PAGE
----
As you know from your own experience, writing for a news agency you never know what story you are going to be covering from one day to the next. One day it can be real nuns and the next day it can be bunga bunga parties. I love having so many different subjects to cover, but sometimes I get frustrated with just touching the surface of so many subjects and not really being an expert on any.

      Reply
  6. Carina
    2013/05/20

    I’ve never been a Jolie fan; I think of her as a homewrecker, though of course I know it takes two (I dislike Pitt for the same reason). But I think it was very impressive that she shared her story and wouldn’t wish that on anyone.

    Reply
    • Trisha Thomas
      Trisha Thomas
      2013/05/20

      I can understand how you feel Carina. As I wrote, I wasn’t a huge Jolie fan either, but I think it was more out of envy. I certainly admire her now.

      Reply
  7. Pauline
    2013/05/21

    Hi Trisha, I hope your days are getting better. The weather seems to be getting nicer here in North America and I hope it’s the same case over in Rome. I love those little snippets of the letters from the youths to Pope Francis. I had no idea his gesture had that much of a profound effect.

    Reply
    • Trisha Thomas
      Trisha Thomas
      2013/05/22

      Hi Pauline — Weren’t those responses from the juvenile prisoners incredible? I was so moved. There is so much going on these days at the Vatican we can barely keep up. There was a big hullabaloo on Monday over something Pope Francis had done at the Mass on Sunday. He put his hands on the head of a handicapped man who had a strange reaction, opening his mouth and making weird noises and the Italian Bishops TV said it was an exorcism right there in the piazza. Then the Vatican denied it. Did you see the video? Lots of other stories too. Today is pouring rain in Rome, but we have also had some beautiful summer-like days, so I cannot complain!

      Reply
      • Pauline
        2013/05/23

        Hi Trisha, I received those videos in my inbox this morning, but I promptly deleted them because I thought it was just a hoax! Oh my goodness, I should check them out! What is the official statement from the Vatican on this matter? I’m falling behind on the news from Vatican since you’re my primary source of news (no pressure or anything..teehee!). Nevertheless, I have to admit I enjoy reading the homilies Pope Francis have done in his ministry thus far. They’re short, simple, but they always contain an extremely profound lesson. It’s like he’s trying to bring the entire Church back to her basic teachings. I love it!

        Reply
        • Trisha Thomas
          Trisha Thomas
          2013/05/25

          Hi Pauline, I am sorry that I am not keeping you updated on the Vatican. I am having a hard time keeping up with everything. A lot of end of the school year stuff to do with my kids. Hopefully I will be able to start again soon. Thanks for all your support though.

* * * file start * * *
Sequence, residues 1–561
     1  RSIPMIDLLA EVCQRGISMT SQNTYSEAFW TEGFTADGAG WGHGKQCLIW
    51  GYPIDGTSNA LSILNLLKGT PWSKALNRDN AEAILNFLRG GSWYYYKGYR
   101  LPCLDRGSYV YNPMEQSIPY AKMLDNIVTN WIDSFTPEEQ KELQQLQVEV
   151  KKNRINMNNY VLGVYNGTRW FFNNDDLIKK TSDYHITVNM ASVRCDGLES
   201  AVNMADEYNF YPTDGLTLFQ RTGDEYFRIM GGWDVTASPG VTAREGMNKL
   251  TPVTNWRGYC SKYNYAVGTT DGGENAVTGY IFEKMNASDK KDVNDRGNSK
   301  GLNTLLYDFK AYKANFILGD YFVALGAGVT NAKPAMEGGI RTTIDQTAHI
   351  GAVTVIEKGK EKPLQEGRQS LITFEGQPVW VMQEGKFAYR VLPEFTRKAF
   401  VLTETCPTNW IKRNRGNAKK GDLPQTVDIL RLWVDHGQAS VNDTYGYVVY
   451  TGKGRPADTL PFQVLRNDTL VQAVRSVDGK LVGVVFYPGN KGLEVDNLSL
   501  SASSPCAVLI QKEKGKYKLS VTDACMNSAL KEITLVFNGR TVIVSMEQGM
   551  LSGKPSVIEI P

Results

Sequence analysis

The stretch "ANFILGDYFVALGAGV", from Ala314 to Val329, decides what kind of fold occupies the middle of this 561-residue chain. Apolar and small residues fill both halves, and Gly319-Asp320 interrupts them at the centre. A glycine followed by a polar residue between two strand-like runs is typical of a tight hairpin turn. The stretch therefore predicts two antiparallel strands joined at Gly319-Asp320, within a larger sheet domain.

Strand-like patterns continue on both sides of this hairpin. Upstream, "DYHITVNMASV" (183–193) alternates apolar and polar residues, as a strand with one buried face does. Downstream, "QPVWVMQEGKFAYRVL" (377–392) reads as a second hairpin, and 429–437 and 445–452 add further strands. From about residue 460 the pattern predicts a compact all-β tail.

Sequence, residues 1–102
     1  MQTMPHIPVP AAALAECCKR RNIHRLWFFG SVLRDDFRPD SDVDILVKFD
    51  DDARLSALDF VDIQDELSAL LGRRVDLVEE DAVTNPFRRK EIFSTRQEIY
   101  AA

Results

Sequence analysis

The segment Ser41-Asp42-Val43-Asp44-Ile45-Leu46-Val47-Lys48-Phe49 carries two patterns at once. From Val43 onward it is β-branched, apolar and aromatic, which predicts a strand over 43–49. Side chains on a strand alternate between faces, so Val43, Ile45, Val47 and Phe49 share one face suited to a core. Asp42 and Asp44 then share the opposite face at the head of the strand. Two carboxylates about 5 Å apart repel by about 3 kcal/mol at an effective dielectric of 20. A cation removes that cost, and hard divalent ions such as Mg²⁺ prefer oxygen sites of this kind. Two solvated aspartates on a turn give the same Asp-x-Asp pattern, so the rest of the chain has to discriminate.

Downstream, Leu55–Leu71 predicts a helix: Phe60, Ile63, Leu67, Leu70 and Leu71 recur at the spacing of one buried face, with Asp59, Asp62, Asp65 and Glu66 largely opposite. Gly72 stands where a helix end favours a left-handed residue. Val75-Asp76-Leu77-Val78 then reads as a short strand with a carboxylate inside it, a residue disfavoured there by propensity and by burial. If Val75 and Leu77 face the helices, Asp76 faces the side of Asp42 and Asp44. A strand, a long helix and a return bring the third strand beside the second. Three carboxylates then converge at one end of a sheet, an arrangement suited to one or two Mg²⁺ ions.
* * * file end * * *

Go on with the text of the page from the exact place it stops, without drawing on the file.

Reply
  8. Silvia
    2013/05/26

    Dear Trisha,
    I wonder if you could talk about the frightening phenomenon of violence against women here in Italy ( the so called “femminicidi ) on your blog. If International journalists like you start to talk about it, I suppose pressure could be put on the Italian government to actually DO something seriuos to fight this horrible murder. Today, when I read the news about the fifteen-year-old girl burned alive in Calabria by her 16-year-old boyfriend I felt ashamed of being Italian, ashamed of a goverment who is loosing weeks talking about Imu and who cannot make a simple law to protect Italian women ( we are more than half of the population of this sorry excuse for a country! ). I would suppose that 40 years of jail under The 41- bis regime ( the same used for the heads of mafia ) could make some men think seriously about the possible repercussions of their actions. Ciao and “congratulazioni” for your blog; it is very interesting, even for Italian people. Silvia Marelli.

    Reply
    • Trisha Thomas
      Trisha Thomas
      2013/05/27

      Silvia — Thank you so much for your comment. First, I am honored to know that an Italian woman is reading my blog. I will take your advice and do a story on “femminicidi”. It is dreadful, and to be honest, I have been a bit cowardly about the topic, avoiding it because it frightens me. I have a 15 year-old daughter, and an about to be 13-year-old daughter and the past few days I’ve been hiding the papers from them. You are right though, I need to do my part to raise awareness on this horrible situation. Give me some time, I am a bit overwhelmed these days, but I promise you in the next few months I will do it.

      Reply
  9. lega
    2013/05/29

    I grew up in Tripoli, Libya in the 1960’s and most of my education came from Italian nuns.
    I do have to say, based on personal experiences, that these nuns were quite demented. A nun beat me when I was about eight because I spilled ink. (Most of it landed on my white uniform.) Sister Carmen, my piano teacher, always asked if I was menstruating-I had no idea what she was talking about so I always said no. Another nun took me up to her bedroom and completely disrobed in front of me. During the summer, my sister and I were sent to “convent camp” where we prayed after waking up, prayed before and after breakfast, prayed before and after swimming etc. etc. (I should point out that my mother was constantly intervening to protect us. I have always felt, that at least in Libya, many of the women who were nuns where probably coerced into becoming nuns by their families because they were deranged and being sent to a Libyan convent (an alternative to an asylum) was an easy out!

    I still like Pope Francis…he is a breath of fresh air!

    Reply
    • Trisha Thomas
      Trisha Thomas
      2013/05/29

      Lega — as horrible as that must have been, your story made me laugh. What a tale! Bunch of loony nuns in Libya!! You really should write a short story about your experiences….those certainly were different times in Libya.

      Reply